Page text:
Symbols in Lent and Easter

Fleur Dorrell explores key symbols and their meanings in our Lent and Easter readings, worship and rituals.

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Symbols are important to us because they help us make sense of the world. Christian symbols create connections between the ordinary and the transcendent, the particular and the universal, the present moment and eternity. These symbols have the power to transform us and our understanding of Jesus – his life, death and resurrection. When we remember these symbols each year in our rituals and liturgies they reinforce our faith as individual believers and as the whole body of the Church.

Our liturgical year focuses on the Paschal Mystery of Christ’s life, death and resurrection, the 40 days of preparation of Lent and the 50 days of fulfilment leading to Pentecost. It explores and mediates religious meaning to us through symbols which emerged in the very early celebration of Baptism and Eucharist and the prayers and actions used within them.

Year by year we engage with these same symbols and their meanings from different angles – but now seen from the changed perspectives of our own times, in which they are capable of opening up different dimensions of life, so in the one faith community transformation and conversion are always possible. The key symbols that we repeatedly use are water, wine, oil, light and fire, touch and laying on of hands or for blessing, and the physical and visual body of Christ within the physical body of our gatherings.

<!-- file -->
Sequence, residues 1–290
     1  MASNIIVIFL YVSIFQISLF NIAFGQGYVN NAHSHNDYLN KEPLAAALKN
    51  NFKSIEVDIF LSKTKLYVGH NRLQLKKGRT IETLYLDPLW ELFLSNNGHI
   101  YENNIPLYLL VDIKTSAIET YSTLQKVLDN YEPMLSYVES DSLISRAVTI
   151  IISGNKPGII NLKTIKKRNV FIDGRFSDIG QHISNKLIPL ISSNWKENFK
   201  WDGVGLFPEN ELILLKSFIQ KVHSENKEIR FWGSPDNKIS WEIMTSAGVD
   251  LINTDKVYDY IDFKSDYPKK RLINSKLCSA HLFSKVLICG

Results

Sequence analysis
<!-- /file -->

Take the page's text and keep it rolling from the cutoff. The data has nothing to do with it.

The symbols of change and renewal

The Catechism says that all the other feasts and sacred mysteries point towards Easter – which stands at the centre of the Gospel. The English feast of Easter comes from the pagan German spring festival, so it is the Greek root of ‘Paschal’, which connects it to the Jewish Passover. In Exodus 12, the Israelites marked their door frames with the blood of the sacrificed lamb, and God passed them by striking the homes of their oppressors and delivering his people to freedom. At Easter the whole people of God, and often their homes, are sprinkled with the newly blessed baptismal water symbolising our liberation from lives oppressed in various ways to a new life of freedom as the baptised children of God.

So, each Lent, we return to fundamental events, stories and encounters which invite us to reflect on our current reality. We discover levels of meaning that we may have forgotten or have never seen before. The symbols of Lent and Easter challenge us to conversion and change. By engaging anew with the core symbols of our faith, we hear God again calling us to freedom and liberation at this time in our lives.